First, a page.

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If you’re going to commit coupon fraud, it helps to be the one with access to all the coupons.

The owner of four Shop ‘n Save grocery stores in the Pittsburgh area is facing several felony charges related to an alleged coupon scam that apparently had been going on for years.

59-year-old Michael Mihelic is accused of instructing his employees to clip coupons out of inserts from unsold Sunday newspapers, mixing them in with coupons that were actually redeemed by customers, submitting them for reimbursement, then keeping the extra cash for himself and his accused accomplices.

Mihelic surrendered yesterday to detectives with the Allegheny County District Attorney’s Office, in connection with the case that they began investigating more than a year and a half ago.

Investigators say a former employee at one of Mihelic’s stores first blew the whistle back in August 2017. According to the criminal complaint, the employee told detectives that Mihelic “orders his employees to remove coupons from newspapers received in his stores, collect these coupons from his office managers and turn them into the manufacturers for reimbursement as if they were used by customers”. The employee said he had witnessed co-workers clipping coupons and bringing them to the back office, and he said the store’s accounting manager would even take coupons home to clip and sort after work.

The process began every Sunday, the employee said. When setting out the Sunday newspapers for sale each week, he said his former boss ordered employees to collect any “extra” inserts that arrived with the papers. By the end of the day, Mihelic would allegedly tell those same employees to remove and collect the coupon inserts from all of the newspapers that had not been sold.

The investigators followed up by interviewing other current and former employees. One former office manager told them the accounting manager who was apparently taking coupons home would show up at work with a stack of coupons all cut out and tied into a neat bundle, with a total face value of exactly $500. She said her store would regularly and methodically enter into their system $500 worth of extra coupons each and every week, with the equivalent amount of cash withdrawn to offset the value of the coupons.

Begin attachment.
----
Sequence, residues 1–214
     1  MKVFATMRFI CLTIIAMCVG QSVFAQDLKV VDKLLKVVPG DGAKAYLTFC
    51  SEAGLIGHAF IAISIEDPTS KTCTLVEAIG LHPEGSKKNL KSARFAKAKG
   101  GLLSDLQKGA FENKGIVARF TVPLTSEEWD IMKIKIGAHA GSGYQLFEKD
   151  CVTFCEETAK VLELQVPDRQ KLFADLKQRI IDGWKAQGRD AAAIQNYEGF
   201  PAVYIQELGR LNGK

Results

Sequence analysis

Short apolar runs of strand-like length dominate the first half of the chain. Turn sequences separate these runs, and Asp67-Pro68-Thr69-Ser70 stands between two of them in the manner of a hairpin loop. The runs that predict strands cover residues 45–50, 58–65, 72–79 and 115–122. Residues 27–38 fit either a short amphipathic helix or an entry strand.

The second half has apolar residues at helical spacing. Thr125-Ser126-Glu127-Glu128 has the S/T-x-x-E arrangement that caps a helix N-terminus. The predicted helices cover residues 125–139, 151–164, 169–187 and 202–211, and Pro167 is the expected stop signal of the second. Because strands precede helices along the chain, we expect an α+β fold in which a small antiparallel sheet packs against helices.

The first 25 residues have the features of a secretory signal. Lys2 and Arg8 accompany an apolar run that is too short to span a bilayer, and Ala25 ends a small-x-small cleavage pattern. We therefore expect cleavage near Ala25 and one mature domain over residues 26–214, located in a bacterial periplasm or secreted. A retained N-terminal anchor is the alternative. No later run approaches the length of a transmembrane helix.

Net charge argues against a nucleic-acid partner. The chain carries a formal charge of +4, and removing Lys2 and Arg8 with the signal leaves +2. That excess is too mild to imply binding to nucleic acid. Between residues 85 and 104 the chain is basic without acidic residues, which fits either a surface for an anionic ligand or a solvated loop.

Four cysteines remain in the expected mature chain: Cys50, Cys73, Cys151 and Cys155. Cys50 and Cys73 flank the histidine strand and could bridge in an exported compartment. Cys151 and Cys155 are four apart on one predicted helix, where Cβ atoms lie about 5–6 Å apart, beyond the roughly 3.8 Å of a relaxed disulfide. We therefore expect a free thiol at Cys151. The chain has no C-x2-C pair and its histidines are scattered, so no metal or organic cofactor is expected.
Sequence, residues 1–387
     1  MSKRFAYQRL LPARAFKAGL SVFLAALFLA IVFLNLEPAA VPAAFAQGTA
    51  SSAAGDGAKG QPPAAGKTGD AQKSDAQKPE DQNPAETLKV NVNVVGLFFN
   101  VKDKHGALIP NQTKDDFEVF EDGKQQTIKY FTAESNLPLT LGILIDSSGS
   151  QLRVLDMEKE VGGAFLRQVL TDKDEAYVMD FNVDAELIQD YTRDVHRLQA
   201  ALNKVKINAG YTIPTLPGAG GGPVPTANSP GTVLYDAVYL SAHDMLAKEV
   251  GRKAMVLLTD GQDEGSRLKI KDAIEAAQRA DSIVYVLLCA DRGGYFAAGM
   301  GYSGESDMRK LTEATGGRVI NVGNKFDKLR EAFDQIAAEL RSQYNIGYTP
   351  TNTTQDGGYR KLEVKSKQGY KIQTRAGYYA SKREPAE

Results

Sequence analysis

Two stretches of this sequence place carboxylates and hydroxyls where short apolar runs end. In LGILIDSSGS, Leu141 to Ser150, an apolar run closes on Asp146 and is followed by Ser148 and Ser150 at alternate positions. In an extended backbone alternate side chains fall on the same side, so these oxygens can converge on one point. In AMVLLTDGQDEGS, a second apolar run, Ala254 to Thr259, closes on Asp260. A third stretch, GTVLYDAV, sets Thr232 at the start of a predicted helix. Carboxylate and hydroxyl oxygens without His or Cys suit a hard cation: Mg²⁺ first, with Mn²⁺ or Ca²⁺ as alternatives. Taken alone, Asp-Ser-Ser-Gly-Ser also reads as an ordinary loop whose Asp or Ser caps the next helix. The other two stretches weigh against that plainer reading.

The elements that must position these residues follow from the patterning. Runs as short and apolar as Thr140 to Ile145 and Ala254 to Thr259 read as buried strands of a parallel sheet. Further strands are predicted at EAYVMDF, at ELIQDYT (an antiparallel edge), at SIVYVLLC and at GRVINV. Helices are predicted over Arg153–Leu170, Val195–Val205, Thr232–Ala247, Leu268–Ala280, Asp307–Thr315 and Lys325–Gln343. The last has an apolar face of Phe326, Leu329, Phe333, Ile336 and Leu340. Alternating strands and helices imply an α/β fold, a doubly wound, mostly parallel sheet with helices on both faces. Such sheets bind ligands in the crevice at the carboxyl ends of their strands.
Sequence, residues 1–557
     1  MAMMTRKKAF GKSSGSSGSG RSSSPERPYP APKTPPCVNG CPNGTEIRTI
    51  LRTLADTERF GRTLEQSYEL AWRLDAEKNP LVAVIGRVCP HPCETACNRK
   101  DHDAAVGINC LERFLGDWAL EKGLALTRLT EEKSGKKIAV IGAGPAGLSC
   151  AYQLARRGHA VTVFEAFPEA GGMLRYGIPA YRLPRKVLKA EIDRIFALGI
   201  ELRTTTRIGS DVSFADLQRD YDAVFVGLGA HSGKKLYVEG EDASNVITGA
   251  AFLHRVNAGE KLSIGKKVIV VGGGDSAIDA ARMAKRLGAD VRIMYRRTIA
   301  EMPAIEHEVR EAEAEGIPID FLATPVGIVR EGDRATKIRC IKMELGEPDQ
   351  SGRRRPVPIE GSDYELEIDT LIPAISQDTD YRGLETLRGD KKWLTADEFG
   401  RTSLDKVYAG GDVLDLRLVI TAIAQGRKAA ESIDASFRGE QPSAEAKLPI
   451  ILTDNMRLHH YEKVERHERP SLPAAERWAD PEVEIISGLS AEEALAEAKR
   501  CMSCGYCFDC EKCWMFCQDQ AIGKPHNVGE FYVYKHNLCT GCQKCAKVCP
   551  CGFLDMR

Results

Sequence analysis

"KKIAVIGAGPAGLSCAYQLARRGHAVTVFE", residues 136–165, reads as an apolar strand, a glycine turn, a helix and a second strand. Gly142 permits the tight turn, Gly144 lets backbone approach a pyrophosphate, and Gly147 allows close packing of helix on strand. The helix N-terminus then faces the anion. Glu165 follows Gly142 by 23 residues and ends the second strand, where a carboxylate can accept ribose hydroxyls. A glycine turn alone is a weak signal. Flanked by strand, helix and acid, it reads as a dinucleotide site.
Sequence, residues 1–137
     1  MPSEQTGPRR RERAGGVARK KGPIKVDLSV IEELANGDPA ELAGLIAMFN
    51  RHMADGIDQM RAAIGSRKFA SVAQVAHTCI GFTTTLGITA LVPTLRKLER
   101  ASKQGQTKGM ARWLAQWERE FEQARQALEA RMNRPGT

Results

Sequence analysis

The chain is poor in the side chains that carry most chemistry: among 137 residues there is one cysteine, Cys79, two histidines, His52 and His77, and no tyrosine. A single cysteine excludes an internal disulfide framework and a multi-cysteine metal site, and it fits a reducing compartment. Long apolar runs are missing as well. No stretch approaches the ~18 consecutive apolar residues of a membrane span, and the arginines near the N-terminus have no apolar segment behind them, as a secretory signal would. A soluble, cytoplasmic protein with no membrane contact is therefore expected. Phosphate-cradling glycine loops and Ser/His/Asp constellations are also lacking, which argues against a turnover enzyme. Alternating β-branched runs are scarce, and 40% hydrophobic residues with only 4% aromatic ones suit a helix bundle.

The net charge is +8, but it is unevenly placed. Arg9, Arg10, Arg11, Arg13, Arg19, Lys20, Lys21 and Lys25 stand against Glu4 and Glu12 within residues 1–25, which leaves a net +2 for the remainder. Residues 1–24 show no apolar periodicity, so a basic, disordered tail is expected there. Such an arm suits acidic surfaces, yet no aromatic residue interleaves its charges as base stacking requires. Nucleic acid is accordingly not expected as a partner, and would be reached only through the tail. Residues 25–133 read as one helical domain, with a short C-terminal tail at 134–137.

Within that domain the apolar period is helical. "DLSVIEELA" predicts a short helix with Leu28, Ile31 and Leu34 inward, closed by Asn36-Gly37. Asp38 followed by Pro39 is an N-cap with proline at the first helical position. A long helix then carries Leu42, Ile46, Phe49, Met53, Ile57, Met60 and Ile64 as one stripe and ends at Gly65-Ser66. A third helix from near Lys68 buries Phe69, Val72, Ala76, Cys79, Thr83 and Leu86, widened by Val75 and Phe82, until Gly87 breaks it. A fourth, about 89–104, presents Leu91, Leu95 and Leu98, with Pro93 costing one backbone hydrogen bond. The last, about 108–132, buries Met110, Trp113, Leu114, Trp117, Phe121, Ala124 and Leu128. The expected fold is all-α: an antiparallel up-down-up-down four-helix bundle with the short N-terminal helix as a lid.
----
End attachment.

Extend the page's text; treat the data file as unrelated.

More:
Detectives then interviewed the store’s accounting manager. She told them that all of this was originally the idea of Mihelic’s father, who owned the stores until his death in 2014. When his son took over the business, he allegedly continued the scheme. Acting on her boss’ orders, she said, she would submit the extra coupons to the store’s wholesale supplier Supervalu, which in turn submitted them to coupon processor NCH Marketing, which would reimburse the company on behalf of the manufacturers whose coupons had been fraudulently submitted.

For her troubles, she said she would receive an envelope full of cash every month or so, worth 20% of the value of the coupons she had submitted. Her boss allegedly kept the other 80%.

Finally, detectives spoke with another store’s office manager, who told a similar tale. She said she would also submit extra coupons at her store, in exchange for 20% of the proceeds. As one former employee told investigators, “Everyone knows what they are doing is wrong, but they do it because they were always told they had to do it.”

Back in October, investigators carried out four simultaneous search warrants in all four of Mihelic’s stores. They carted off business records, which they say showed that a total of $306,550 worth of coupons had been fraudulently submitted. And that was only since Mihelic took over ownership of the stores. If the scheme had indeed been going on for years before that, the total proceeds could easily have reached into the millions of dollars.

Mihelic was arrested yesterday on felony charges of theft by deception, receiving stolen property and dealing in the proceeds of illegal activity. He’s been released from custody, pending a preliminary court hearing on February 27th. If ultimately convicted, he faces a maximum 10-20 years in prison and a $25,000 fine, plus potential restitution for the full $306,550. There is no record as yet of any charges being filed against his alleged accomplices, who claim they were unwitting participants but apparently regularly and happily managed to pocket a 20% cut of the proceeds.

So if you shop at one of Mihelic’s stores and notice your cashiers scrutinizing your coupons a little more closely than usual, it’s understandable. Now that their boss is in trouble with the law, a whole lot of people will be scrutinizing all of the coupons that come through those stores – a lot more closely than they used to.

Image source: Shop ‘n Save

3 Comments

  1. Honest Couponer says:

    Nice article! This is the oldest trick in the book! Amazing that this scam went on for so long and their processor never flagged it. Here’s hoping this fraudster does get his 10-20 years in the slammer!

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